For the past 20 years, R.L. Stine has made a fortune scaring children. His Goosebumps series is the second-bestselling book collection of all time, trailing only the Harry Potter books. Aside from Stephen King, Stine is probably the most famous horror writer in the world, especially now that many of his first readers are in their thirties, which opens up a new market: With the maturity of his early acolytes, the Goosebumps auteur has ventured into adult fiction—first with Superstitious, and now with his latest, Red Rain.


After weathering a massive hurricane on a small South Carolina island, travel writer Lea Sutter takes two orphaned twins home with her to Long Island. Her husband, Mark, and children are suspicious, but Lea’s determination convinces the family to adopt the boys. Once situated, the twins begin a rampage of destruction, using demonic abilities to hypnotize or kill anyone in their way. It’s clear from the first page that they’re evil, but Red Rain amps the tension by making them monstrously powerful, and seemingly unstoppable.

Stine knows his way around a horror plot, but very little in Red Rain rises above the workmanlike writing he showcased over the years in his Goosebumps and Fear Street series. Evil twins have been a trite concept since The Shining, and Stine does nothing here to change a stock idea. But the boys are just one example of the lack of originality throughout Red Rain. The book is laden with overused genre tropes (nubile coeds, murders that frame the wrong person, etc.), making it more a horror-novel cutout than something scary in its own right. Instead of trying to find new ways to create chills, Stine simply points at his characters and says, “Look! Evil children with powers! That’s scary, right?”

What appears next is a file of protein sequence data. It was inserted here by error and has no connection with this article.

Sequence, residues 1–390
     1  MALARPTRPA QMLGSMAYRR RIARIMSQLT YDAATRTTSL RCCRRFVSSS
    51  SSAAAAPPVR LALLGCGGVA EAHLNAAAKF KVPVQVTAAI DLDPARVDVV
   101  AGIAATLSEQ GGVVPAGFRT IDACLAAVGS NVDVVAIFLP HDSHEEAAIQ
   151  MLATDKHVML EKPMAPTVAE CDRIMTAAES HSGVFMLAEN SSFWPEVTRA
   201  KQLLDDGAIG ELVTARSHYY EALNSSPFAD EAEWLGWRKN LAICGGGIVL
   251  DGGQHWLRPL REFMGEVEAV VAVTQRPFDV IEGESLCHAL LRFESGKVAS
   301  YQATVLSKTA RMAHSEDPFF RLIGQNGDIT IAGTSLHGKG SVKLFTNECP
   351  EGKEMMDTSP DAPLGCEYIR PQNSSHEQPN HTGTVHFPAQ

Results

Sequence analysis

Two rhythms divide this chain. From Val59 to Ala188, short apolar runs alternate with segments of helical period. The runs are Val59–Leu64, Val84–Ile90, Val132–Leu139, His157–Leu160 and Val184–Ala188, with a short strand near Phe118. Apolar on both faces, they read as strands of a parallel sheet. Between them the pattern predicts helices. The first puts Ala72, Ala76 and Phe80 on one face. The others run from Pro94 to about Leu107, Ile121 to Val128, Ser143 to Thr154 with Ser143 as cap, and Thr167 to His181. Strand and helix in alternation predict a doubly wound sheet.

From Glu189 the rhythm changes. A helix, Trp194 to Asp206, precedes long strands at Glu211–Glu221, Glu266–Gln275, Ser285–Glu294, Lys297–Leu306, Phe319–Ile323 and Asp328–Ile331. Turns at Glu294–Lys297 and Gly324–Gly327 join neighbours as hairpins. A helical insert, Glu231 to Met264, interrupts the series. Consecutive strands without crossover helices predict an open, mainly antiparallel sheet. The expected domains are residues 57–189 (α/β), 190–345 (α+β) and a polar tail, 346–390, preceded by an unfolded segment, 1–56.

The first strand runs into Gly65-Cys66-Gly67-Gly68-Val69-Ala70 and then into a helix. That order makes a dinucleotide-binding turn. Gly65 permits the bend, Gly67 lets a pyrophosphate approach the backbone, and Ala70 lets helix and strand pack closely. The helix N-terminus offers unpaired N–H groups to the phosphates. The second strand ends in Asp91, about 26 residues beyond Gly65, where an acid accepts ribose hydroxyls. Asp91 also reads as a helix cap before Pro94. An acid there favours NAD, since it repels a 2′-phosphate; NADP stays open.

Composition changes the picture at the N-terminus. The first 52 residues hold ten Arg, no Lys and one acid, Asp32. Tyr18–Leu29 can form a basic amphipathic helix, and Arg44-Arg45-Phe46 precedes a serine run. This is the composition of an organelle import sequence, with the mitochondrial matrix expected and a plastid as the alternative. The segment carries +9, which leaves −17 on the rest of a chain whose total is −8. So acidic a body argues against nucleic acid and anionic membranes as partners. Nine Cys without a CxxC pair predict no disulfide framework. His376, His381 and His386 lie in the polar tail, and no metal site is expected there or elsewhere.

Stine’s other scheme for shocks in Red Rain is to go heavy on gore. There’s a lot of murder in Red Rain, and it always involves dismemberment and burnt flesh. The grisly scenes are stomach-turning, but it’s lazy to simply use revulsion to frighten. A burnt corpse is disgusting, but Stine is content to merely point that disgust out, instead of capitalizing on what makes charred human remains unnerving.


It’s a shame Stine so quickly falls back on tropes, since the beginning of Red Rain suggests he has something original, and scary, in mind. Lea’s time on the mysterious Le Chat Noir island is genuinely spooky, especially when she witnesses a bizarre quasi-pagan ritual where men commit suicide, only to be brought back to life moments later. The island, where the dead coexist with the living, is interesting enough to deserve its own series, but is quickly set aside in favor of the Stephen King-esque Northeast setting of Lea’s home. By the end of the book, the island is an afterthought, the catalyst for the story, and nothing more.

Stine had the beginnings of a unique book, delving into a world that mixed voodoo and the real-life disaster of hurricanes together into a frightening whole. He squandered that possibility, instead opting for obvious plots and piles of gore. The result is resoundingly mediocre. Stine is a competent enough writer to make sure the book is never terrible, but he does nothing to distinguish Red Rain from the pack.